If full early retirement doesn’t not sound attainable or interesting to you, you can also consider early semi-retirement. If you’d like to learn more about Cashflow Cop, check out his Sitting Poolside interview here.
How to use and save money in college
Cashflow Cop’s financial independence article included a discussion of student loans and their impact. The cost of college and related money decisions can have a lasting impact on former students.
I read two insightful articles written for college students to help jump-start their financial adult lives. This is something that strikes a chord with me — I felt disappointed in college at my lack of financial education, despite the fact that I was a business major. This lack of practical knowledge was one of the main motivators in my own interest in personal finance and, later, in starting this blog.
Jeff from The Kickass Entrepreneur wrote a post in the form of a message to his college-age daughter. In the post, Jeff outlines important financial topics that young people need to become familiar with. Jeff also recommends books to address different financial education stages, to help equip his daughter (and the reader).
I love this concept. We can debate whether it should be this way, but the fact is that the burden of providing a financial education is on the individual and on the family. Jeff provides an opportunity for his daughter and other college-age readers to get a solid foundation in financial literacy.
If you’re interested in further personal finance book recommendations, you can read my recommendations page here.
Are you a college student looking for additional practical ways to save? Clint Proctor from The Wallet Wise Guy wrote a post focusing on 40 easy ways to save money in college. I like this post a lot because these are things you can go do today. All 40 tips from Clint are extremely practical including ways to save money on tuition, food, housing, and travel.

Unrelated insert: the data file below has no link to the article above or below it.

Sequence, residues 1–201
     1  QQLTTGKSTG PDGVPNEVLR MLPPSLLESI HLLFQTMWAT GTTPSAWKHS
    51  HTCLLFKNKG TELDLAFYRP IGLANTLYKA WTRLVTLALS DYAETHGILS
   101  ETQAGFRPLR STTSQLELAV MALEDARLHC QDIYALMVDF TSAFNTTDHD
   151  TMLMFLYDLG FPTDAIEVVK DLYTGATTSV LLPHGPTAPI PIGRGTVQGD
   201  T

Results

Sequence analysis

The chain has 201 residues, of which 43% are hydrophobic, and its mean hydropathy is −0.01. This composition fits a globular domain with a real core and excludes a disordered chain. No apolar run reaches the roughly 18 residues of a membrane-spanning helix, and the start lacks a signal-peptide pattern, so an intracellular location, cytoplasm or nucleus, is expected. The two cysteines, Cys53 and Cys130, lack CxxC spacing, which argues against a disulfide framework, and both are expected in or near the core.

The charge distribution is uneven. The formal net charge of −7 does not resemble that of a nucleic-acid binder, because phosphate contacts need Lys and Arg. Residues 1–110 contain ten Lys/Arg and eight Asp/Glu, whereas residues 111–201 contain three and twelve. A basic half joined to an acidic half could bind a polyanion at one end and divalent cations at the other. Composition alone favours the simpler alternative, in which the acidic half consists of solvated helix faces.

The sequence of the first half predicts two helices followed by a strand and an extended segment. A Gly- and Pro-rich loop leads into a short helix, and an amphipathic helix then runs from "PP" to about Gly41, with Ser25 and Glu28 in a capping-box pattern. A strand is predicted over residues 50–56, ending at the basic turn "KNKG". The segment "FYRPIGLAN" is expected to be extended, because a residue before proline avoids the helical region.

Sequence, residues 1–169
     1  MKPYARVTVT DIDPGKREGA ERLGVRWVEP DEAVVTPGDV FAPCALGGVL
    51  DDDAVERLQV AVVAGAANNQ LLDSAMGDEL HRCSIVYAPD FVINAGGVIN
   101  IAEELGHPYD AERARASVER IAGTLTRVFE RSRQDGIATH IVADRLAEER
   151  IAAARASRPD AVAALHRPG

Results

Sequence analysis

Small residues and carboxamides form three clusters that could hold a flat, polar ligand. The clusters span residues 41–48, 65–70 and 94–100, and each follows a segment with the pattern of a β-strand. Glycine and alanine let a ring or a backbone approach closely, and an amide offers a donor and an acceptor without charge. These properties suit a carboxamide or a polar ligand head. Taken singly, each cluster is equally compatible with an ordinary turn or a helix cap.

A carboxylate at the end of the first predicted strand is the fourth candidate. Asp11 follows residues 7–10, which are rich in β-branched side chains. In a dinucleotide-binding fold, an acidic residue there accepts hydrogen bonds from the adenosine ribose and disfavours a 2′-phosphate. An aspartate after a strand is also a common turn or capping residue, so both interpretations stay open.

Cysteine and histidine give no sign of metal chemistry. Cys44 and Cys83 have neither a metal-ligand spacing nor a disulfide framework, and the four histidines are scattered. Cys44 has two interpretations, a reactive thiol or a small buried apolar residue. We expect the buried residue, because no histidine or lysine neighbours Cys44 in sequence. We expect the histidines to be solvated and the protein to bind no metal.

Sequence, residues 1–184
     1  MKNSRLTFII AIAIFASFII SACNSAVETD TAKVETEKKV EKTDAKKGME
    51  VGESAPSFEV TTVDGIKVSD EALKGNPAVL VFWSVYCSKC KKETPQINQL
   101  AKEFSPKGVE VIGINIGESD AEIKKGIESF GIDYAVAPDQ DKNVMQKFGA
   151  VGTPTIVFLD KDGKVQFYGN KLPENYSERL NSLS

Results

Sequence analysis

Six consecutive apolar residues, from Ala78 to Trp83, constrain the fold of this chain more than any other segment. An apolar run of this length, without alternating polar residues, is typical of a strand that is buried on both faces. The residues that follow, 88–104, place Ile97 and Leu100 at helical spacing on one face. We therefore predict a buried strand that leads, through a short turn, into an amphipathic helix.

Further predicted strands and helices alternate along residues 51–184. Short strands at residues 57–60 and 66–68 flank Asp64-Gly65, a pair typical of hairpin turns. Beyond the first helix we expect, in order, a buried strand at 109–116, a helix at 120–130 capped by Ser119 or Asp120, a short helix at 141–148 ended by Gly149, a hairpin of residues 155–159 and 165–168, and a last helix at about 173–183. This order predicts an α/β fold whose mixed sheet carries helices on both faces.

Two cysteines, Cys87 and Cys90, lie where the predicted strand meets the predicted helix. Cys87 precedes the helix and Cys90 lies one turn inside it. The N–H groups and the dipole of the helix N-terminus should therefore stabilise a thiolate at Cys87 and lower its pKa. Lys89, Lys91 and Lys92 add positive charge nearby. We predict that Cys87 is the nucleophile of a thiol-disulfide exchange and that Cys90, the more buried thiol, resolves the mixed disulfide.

If you’re a parent saving for your kid’s future college costs, consider these nine options for funding education.
Increase your savings rate with math
This last featured article for today is a fun one.
Seemingly, every financial writer has their own savings rate calculation that they recommend. Should you calculate it based off your gross income or your net income? What even qualifies as saving — does saving for a short-term goal count? Does paying off debt count?
In my free early semi-retirement workbook, I give my own savings rate recommendation. So I’m guilty of this too!
This post that caught my attention is called How to Make Your Savings Rate Explode with Math, from The Poor Swiss. In the article, Mr. The Poor Swiss talks about a variety of different savings rate calculations you can use. In fact, you can make your savings rate seem as high as you’d like by just changing some numbers around!
This is, of course, not actually very helpful. If anything, this is a cutting commentary about the personal finance blogging community. And it’s a reminder to avoid comparison with other people while you’re on your financial journey. Their savings rate might be twice as much as yours, but you are probably not even using the same calculations to get to those numbers!
I thought this post from The Poor Swiss was a fun one. We bloggers need to not take ourselves too seriously. And to you, the reader, the conclusion is the same one that Cashflow Cop came to — just be intentional with your finances. It doesn’t matter if you hit a certain savings rate or if you become financially independent by a specific age. The real win is taking control of your own life so that you can live out your values and work towards your family’s goals.